Rand Paul applauds Trump’s expansion of access to health care through Association Health Plans

President Donald Trump hands a pen that he used to sign an executive order on health care to Sen. Rand Paul, R-Ky., in the Roosevelt Room of the White House, Thursday, Oct. 12, 2017, in Washington. (AP Photo/Evan Vucci)

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Sen. Rand Paul (R-Ky.) applauded the Trump administration on Thursday for following through on its promise to expand access through association health plans (AHP).

Paul says he worked directly with the administration last year to increase free-market competition and permit American consumers to join in groups to purchase more affordable health care plans across state lines.

“For the past year, I have worked with the President and his administration to dramatically increase the availability of health care while at the same time decrease the costs,” Paul said in a press release. “I applaud the administration for its action today, and I look forward to the finalization of the proposed rule.”

The newly proposed rule by Labor Department would rewrite existing regulations, expanding the types of groups that can form associated health plans while permitting membership across state lines.

In addition, self-employed individuals who have no other employees could join a large-group association health plan, which could include a self-insured association health plan. The proposed rule would also protect Americans with pre-existing conditions, ensuring that a consumer with a pre-existing condition is not denied coverage or charged an increased rate.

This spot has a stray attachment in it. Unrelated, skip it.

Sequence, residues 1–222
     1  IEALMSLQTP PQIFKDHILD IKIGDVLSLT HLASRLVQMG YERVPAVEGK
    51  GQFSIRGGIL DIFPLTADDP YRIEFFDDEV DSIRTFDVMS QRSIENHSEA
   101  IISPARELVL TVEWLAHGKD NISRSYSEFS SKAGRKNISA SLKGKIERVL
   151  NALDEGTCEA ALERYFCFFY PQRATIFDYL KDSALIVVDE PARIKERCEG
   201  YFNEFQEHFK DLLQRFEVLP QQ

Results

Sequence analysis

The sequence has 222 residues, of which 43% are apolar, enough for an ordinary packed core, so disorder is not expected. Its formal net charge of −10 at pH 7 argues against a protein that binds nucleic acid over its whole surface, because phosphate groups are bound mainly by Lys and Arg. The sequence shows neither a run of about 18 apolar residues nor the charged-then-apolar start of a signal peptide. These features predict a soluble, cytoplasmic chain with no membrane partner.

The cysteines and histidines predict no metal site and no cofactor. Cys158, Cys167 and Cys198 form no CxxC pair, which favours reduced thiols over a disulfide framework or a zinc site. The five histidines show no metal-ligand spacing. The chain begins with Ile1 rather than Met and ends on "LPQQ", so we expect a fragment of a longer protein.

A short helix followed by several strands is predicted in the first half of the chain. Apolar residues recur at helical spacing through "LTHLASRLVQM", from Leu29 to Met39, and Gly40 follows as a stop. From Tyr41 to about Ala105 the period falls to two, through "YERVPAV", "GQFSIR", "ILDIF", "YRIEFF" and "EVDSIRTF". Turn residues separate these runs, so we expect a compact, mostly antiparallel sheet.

“Expanding access to AHPs would provide more affordable health insurance options to many Americans, including hourly wage earners, farmers, and the employees of small businesses and entrepreneurs that fuel economic growth,” the proposed rule states.

Paul has consistently argued that the free market is best suited to handle the healthcare needs of the American consumer, pointing out the repeated failures of socialized medicine and the heavy burdens it places on American taxpayers.

“If these individuals can join large groups across state lines, I think they’ll get protection, less expensive insurance, and it’ll be able to solve a lot of the problems we have in the individual market,” the senator said in 2017.

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